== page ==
When musical acts representing 39 countries arrive in Rotterdam, the Netherlands, later this month, they'll not only be bringing back a beloved annual institution suspended last year because of the pandemic, they'll also be marking 65 years since the debut of this pan-European televised singing extravaganza.
It's the Eurovision Song Contest, it has been described as "the Olympics meets American Idol," and it debuted May 24, 1956.
Today, it's huge: About 200 million people tune in to Eurovision every year. Dozens of countries participate, some from far beyond Europe (including Australia and Israel). It turned an obscure Swedish band called Abba into a global super-act (after a 1974 win), and it introduced the world to "Volare," an original song performed by 1958's Italian entrant, Domenico Modugno (who did not win), that went on to become the Dean Martin standard. In 2016, Justin Timberlake performed at the finals (as a featured performer, not a competitor). It's a phenomenon.
But when Eurovision premiered, a production of the continent-spanning European Broadcasting Union, its goals were both more straightforward and more profound. In the early days of television, the multi-country, live broadcast was a demonstration of the connective possibilities of the new medium. And on a continent recently ravaged by world war, it was a powerful symbol of cooperation and unity.
Seven countries participated in the first contest, broadcast from Lugano, Switzerland: Belgium, France, Germany, Italy, Luxembourg, the Netherlands and Switzerland. (Austria, Denmark and the United Kingdom missed the deadline.) Singers performed with a 24-piece orchestra, and each sang in their own language. Each participating country sent two jurors to Lugano to judge the competition. Switzerland won.
In the intervening years, the number of participants has exploded (especially after the end of the Cold War, when Eastern European countries began to integrate into the bloc), the rules for performance have changed, the voting structures have become more complicated and the style has become thoroughly, gleefully, cheesily pop.
Today, nearly everyone sings in English, the costumes and special effects are goofily over the top and the competition takes place through multiple rounds. First, the national broadcaster of each participating country selects one performer to represent their nation, generally chosen through a country-level televised competition. Groups can have no more than six members, and songs must be shorter than three minutes and not released before.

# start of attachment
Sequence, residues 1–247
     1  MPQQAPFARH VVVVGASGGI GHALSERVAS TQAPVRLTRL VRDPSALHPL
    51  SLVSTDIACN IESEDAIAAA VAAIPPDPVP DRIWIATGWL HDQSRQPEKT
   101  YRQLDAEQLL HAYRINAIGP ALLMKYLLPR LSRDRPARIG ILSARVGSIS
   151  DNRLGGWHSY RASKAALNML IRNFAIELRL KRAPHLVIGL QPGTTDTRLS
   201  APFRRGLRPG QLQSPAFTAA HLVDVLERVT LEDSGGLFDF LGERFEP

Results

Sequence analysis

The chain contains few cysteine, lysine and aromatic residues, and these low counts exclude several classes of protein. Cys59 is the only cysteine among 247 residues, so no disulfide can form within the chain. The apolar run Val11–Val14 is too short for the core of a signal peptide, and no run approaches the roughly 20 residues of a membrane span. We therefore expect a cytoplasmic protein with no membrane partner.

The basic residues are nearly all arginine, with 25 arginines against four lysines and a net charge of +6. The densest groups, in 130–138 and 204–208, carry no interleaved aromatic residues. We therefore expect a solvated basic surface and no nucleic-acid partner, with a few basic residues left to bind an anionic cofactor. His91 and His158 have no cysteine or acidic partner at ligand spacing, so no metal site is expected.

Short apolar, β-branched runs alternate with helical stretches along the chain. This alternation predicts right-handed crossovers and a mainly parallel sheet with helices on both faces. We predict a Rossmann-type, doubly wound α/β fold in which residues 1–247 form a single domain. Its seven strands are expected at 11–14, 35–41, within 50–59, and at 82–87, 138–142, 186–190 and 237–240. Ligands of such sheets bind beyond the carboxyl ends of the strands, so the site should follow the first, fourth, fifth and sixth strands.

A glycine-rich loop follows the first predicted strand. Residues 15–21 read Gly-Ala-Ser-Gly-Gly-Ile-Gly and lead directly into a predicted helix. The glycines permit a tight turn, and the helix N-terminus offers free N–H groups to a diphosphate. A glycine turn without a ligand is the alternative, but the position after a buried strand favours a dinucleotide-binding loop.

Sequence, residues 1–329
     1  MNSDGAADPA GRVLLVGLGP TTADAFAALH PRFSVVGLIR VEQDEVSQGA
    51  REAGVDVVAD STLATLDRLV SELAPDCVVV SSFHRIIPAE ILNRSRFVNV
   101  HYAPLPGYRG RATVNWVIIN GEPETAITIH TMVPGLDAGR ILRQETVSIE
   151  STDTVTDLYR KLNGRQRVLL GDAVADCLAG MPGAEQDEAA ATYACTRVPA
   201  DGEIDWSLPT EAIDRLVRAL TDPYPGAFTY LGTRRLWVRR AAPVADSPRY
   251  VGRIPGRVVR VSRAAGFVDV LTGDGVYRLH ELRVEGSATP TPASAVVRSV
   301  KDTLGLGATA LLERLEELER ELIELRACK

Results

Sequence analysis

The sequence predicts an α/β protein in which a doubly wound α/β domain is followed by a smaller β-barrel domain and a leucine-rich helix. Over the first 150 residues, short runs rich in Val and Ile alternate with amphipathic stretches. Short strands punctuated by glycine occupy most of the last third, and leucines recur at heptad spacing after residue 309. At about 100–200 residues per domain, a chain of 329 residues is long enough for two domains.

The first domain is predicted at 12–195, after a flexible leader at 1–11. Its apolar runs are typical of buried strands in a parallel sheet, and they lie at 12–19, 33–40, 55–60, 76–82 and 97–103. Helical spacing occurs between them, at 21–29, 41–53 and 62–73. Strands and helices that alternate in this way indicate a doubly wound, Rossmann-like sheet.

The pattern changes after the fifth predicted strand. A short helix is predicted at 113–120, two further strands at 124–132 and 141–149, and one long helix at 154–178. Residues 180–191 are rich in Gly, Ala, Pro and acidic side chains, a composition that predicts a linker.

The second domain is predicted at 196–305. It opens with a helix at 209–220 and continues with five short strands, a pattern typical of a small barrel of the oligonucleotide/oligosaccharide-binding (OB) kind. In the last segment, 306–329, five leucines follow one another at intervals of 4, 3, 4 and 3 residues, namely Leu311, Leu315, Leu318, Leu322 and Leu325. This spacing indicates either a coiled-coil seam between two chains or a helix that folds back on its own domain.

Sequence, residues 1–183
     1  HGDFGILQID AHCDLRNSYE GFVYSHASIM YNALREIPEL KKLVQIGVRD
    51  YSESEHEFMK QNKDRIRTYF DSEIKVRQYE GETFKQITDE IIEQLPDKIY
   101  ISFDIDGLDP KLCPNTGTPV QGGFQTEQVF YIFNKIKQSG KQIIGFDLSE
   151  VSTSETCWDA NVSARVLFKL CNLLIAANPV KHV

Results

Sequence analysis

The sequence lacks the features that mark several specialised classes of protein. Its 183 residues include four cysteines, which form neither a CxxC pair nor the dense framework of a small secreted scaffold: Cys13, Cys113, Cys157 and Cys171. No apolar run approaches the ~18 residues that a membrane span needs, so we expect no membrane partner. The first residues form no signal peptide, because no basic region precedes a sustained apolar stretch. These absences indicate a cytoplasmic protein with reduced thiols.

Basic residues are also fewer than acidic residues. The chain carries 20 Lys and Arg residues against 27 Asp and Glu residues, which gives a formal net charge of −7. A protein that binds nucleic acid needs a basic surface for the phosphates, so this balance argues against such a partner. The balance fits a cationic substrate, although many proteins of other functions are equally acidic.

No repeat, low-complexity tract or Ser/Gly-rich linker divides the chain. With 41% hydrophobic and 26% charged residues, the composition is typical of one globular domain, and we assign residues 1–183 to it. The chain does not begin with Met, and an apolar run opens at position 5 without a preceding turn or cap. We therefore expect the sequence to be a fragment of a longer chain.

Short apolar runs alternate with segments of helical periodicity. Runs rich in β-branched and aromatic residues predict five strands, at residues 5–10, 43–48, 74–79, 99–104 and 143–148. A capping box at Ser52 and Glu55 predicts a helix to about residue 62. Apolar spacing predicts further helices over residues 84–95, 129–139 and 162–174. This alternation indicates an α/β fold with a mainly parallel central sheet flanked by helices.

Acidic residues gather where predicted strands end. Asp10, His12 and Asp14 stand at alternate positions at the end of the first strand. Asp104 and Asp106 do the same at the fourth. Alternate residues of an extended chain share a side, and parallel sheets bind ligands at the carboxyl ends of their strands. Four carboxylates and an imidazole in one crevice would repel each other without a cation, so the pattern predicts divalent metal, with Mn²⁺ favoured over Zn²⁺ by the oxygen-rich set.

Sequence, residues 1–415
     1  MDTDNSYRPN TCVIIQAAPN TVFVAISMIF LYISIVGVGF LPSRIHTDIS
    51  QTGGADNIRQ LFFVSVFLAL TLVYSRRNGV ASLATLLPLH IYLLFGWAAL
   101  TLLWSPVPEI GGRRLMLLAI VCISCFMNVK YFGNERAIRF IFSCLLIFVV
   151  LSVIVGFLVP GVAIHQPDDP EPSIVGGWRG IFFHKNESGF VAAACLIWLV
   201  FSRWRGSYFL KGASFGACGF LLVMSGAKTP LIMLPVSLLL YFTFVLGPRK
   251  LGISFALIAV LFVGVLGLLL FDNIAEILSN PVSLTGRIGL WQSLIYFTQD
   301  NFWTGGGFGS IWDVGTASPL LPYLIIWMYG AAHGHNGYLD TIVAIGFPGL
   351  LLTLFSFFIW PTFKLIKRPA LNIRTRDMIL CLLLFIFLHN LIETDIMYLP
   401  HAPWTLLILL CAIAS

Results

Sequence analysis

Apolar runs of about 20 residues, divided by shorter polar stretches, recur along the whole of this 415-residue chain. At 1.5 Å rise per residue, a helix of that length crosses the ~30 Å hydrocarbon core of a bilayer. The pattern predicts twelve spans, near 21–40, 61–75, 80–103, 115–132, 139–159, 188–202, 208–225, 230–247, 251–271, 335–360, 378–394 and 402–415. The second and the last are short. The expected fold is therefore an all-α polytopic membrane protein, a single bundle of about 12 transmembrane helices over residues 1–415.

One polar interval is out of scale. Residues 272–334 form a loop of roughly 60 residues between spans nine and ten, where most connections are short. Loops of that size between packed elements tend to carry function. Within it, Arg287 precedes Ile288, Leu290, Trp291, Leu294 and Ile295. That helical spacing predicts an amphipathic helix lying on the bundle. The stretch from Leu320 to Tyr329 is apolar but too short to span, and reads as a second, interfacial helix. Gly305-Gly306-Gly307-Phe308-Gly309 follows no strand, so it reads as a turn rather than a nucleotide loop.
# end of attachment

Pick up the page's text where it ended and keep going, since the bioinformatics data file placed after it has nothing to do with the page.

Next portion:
Then the performers move on to two Eurovision semifinals to see who makes the Grand Final. Each year, the host country's entrant is guaranteed a spot in the finals, as are performers from each of the so-called Big Five countries -- France, Germany, Italy, Spain and the United Kingdom -- who fund most of the European Broadcasting Union's budget. Each of the semifinals yields 10 finalists, for a total of 26 competitors in the Grand Final.
That's the big event, and if you've ever been in a European capital while the final is happening, you've seen throngs pouring out of bars and pubs, cheering on the proceedings. You'd be forgiven for thinking it's the World Cup. The complicated judging system factors in the votes of "expert" judges from each county, plus a popular vote from each country, called or texted in by phone. Voters from a country cannot vote for their own performer, but voting blocs have developed. The Eastern European countries tend to vote for each other, as do the Scandinavians. For some reason, Malta tends to vote for the Brits.
Sixty-five years later, Eurovision has more than fulfilled its broadcasting goals, if not necessarily its political ones. (As authoritarianism has risen in parts of the continent, this year's entry from Belarus was rejected because, the broadcasting union said, it "puts the nonpolitical nature of the context in question.") Each year, the Eurovision Song Contest shows off the magic of television to hundreds of millions of people across Europe and the world.
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